India's hospital train lifeline express.
- Lazarus, Zelma.
About this work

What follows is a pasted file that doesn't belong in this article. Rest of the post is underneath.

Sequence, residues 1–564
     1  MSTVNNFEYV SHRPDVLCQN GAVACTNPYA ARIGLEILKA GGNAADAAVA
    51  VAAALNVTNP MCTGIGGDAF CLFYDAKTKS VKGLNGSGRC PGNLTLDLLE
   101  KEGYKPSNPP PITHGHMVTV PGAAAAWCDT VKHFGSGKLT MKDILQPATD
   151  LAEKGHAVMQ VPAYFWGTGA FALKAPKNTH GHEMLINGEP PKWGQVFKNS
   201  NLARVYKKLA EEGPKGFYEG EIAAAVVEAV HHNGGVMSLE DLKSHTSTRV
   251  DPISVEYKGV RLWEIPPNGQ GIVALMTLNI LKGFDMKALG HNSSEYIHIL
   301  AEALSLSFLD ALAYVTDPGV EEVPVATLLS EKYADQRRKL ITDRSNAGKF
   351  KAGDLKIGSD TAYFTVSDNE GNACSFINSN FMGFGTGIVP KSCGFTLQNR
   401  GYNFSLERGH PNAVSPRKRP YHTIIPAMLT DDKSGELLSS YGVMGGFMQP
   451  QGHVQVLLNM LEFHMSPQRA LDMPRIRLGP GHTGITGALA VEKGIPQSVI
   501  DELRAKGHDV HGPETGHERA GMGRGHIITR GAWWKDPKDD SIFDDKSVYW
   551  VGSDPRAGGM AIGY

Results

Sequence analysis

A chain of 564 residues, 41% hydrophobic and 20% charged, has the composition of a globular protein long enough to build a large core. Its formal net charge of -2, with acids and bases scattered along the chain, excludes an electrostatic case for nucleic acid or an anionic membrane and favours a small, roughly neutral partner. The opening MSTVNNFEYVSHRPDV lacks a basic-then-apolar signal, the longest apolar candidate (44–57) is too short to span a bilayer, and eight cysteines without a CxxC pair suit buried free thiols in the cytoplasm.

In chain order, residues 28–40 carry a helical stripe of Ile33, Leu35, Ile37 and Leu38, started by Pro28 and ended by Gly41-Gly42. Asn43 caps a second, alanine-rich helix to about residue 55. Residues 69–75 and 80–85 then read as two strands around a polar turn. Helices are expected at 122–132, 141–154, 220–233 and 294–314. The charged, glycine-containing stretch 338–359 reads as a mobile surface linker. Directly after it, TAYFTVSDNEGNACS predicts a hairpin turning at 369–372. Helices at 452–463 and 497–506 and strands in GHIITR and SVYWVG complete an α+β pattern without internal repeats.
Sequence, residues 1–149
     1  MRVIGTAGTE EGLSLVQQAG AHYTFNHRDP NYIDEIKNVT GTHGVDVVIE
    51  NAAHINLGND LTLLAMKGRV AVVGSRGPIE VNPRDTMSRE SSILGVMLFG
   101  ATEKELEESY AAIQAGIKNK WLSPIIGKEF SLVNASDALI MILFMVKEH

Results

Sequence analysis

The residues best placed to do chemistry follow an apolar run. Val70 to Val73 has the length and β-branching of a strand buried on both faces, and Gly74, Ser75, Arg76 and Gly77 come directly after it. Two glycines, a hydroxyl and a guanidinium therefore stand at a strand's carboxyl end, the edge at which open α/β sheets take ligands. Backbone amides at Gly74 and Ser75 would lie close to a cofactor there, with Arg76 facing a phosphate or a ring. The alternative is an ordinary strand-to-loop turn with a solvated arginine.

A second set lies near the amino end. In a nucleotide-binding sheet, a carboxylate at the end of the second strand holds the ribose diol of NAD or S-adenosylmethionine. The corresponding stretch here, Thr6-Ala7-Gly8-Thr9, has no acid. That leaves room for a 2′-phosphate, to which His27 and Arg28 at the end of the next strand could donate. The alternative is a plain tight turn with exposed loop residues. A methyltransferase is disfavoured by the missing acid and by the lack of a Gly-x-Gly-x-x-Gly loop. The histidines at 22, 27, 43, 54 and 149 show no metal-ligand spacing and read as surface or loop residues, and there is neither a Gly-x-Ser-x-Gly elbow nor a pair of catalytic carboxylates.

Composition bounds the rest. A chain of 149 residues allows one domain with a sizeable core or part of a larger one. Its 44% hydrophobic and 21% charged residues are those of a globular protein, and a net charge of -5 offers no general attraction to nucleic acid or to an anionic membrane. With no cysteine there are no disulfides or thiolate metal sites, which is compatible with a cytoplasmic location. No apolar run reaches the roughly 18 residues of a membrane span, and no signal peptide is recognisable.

This documentary looks at all aspects of a unique rail service, the Lifeline Express, which brings valuable medical care to the poor people of rural India. Founded by Sir John Wilson the train has 6 regular members of staff but relies on volunteer surgeons and anaesthetists to perform all operations. It aims to spend 4 weeks in each location it visits performing a week of ear surgeries, a week of polio surgeries, a week of lip surgeries and a week of eye surgeries. We join the train as it pulls into Mandsor station, central India. Surgery is performed on 11-year-old Dashrath who is gradually going deaf, 17-year-old Sapna whose foot is disabled from polio, 1-year-old Shiva and 11-year-old Vishal who have cleft palates and on an elderly woman with a cataract. We also hear about the various problems the train encounters such as a major Punjab protest which closes down much of the train line between Mumbai and Delhi, and problems finding beds in the local hospital for post-operative care. Insight is also provided into the social and economic backgrounds of each of the patients and the way the surgery changes their lives.